N.Y. A.G. Announces Arrest of C-Store Owners in SNAP Theft

Published in CSP Daily News

Stole from food stamp program, including funds allocated for Sandy victims

ALBANY, N.Y. -- New York Attorney General Eric T. Schneiderman announced on Thursday a 60-count indictment lodged against two Suffolk County convenience store owners and 24 Supplemental Nutrition Assistance Program (SNAP, formerly known as the Food Stamp Program) recipients for illegally trading cash for hundreds of thousands of dollars in SNAP benefits.

Ravinder Parkash, 59, the owner of Shivani Enterprises Inc., Riverhead, N.Y., is charged with felony grand larceny and money laundering for orchestrating a scheme to steal more than $670,000 from the government program. His wife, Prabha Rani, 58, and the two-dozen recipients also face significant theft charges. If convicted, Parkash faces up to 15 years in prison. His wife faces up to seven years. The recipients are faced with lesser counts of felony grand larceny and faced up to 4 years in prison.

"The conduct alleged in this case became even more heinous when we found that the defendants stole emergency benefits for victims of Hurricane Sandy, and used it for their own selfish purposes," Schneiderman said. "Not only do we seek to recoup the losses suffered by the food program, but we also intend to seek justice for the public and punishment for the perpetrators who defrauded it."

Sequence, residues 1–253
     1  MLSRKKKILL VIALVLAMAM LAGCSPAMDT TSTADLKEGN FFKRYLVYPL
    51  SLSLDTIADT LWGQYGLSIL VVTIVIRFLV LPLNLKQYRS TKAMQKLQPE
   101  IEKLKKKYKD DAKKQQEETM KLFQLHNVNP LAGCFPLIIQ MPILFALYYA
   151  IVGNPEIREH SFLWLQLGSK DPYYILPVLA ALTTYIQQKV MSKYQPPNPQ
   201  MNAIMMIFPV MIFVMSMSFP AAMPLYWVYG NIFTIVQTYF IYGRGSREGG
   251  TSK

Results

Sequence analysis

Suffolk County District Attorney Thomas J. Spota said, "These defendants used phantom transactions to steal hundreds of thousands of dollars from taxpayers, and exploited post-Sandy assistance to pocket even more illegal proceeds."

Schneiderman filed a civil suit seeking restitution in an amount of $674,638 and damages in an amount of $2,023,914 for violations of the New York False Claims Act, against Parkash, Rani and their business, Shivani Enterprises, which was also criminally charged.

In the wake of Hurricane Sandy, the U.S. Department of Agriculture (USDA) allocated an additional 50% in benefits to all SNAP recipients in affected areas without regard to need. Each of the recipients charged in this case received Sandy benefit and illegally used their cards for cash in the months after the storm.

SNAP recipients are issued a benefit card to purchase specified food items. But, according to the indictment unsealed today, Parkash and his wife processed phantom SNAP transactions in cooperation with the 24 SNAP cardholders without selling them any food from April 2010 to June 2013. The owners gave the cardholders cash equaling up to half of the amount of the fake purchase and kept the remainder of the money for themselves.

The 18-month investigation revealed that in 2012 alone, Parkash and Rani rang up over $329,000 in SNAP benefits. That is significantly higther than stores located within a one mile radius of the business, where the totals were no higher than $6,439 and in one case just $371. In every month since November 2011, Parkash and Rani redeemed more than $22,000 in SNAP benefits. This number spiked to over $36,000 in November 2012 and $30,000 in December 2012, after all SNAP card holders in Suffolk County received the emergency Hurricane Sandy SNAP award equal to 50% of their monthly benefit.

The money laundering charge filed against Parkash is the result of his use of a bank account set up for the use of New York State Lottery business that came into his store, but which he used to launder proceeds of his illegal scheme.

Also indicted were Brenda Richardson, 50, of Riverhead; Eric Brown Jr., 24, of Riverhead; and Anthony Durham Jr., 26, of Riverhead. They have not yet been apprehended.

The charges are accusations and the defendants are presumed innocent unless and until proven guilty.